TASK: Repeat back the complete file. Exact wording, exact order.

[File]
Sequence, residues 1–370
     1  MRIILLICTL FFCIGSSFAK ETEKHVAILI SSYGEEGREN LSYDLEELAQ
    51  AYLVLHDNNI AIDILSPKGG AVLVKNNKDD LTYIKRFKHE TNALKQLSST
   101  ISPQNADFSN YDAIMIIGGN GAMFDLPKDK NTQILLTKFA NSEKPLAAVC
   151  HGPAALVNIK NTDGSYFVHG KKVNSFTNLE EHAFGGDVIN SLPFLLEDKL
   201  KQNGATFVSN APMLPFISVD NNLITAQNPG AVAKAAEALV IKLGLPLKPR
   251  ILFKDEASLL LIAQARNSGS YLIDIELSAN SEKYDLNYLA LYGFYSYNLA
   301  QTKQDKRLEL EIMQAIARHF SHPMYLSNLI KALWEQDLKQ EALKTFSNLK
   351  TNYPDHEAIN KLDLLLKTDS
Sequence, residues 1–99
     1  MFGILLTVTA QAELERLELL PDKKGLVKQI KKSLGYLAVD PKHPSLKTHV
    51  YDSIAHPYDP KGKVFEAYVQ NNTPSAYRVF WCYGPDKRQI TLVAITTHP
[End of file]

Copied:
Sequence, residues 1–370
     1  MRIILLICTL FFCIGSSFAK ETEKHVAILI SSYGEEGREN LSYDLEELAQ
    51  AYLVLHDNNI AIDILSPKGG AVLVKNNKDD LTYIKRFKHE TNALKQLSST
   101  ISPQNADFSN YDAIMIIGGN GAMFDLPKDK NTQILLTKFA NSEKPLAAVC
   151  HGPAALVNIK NTDGSYFVHG KKVNSFTNLE EHAFGGDVIN SLPFLLEDKL
   201  KQNGATFVSN APMLPFISVD NNLITAQNPG AVAKAAEALV IKLGLPLKPR
   251  ILFKDEASLL LIAQARNSGS YLIDIELSAN SEKYDLNYLA LYGFYSYNLA
   301  QTKQDKRLEL EIMQAIARHF SHPMYLSNLI KALWEQDLKQ EALKTFSNLK
   351  TNYPDHEAIN KLDLLLKTDS
Sequence, residues 1–99
     1  MFGILLTVTA QAELERLELL PDKKGLVKQI KKSLGYLAVD PKHPSLKTHV
    51  YDSIAHPYDP KGKVFEAYVQ NNTPSAYRVF WCYGPDKRQI TLVAITTHP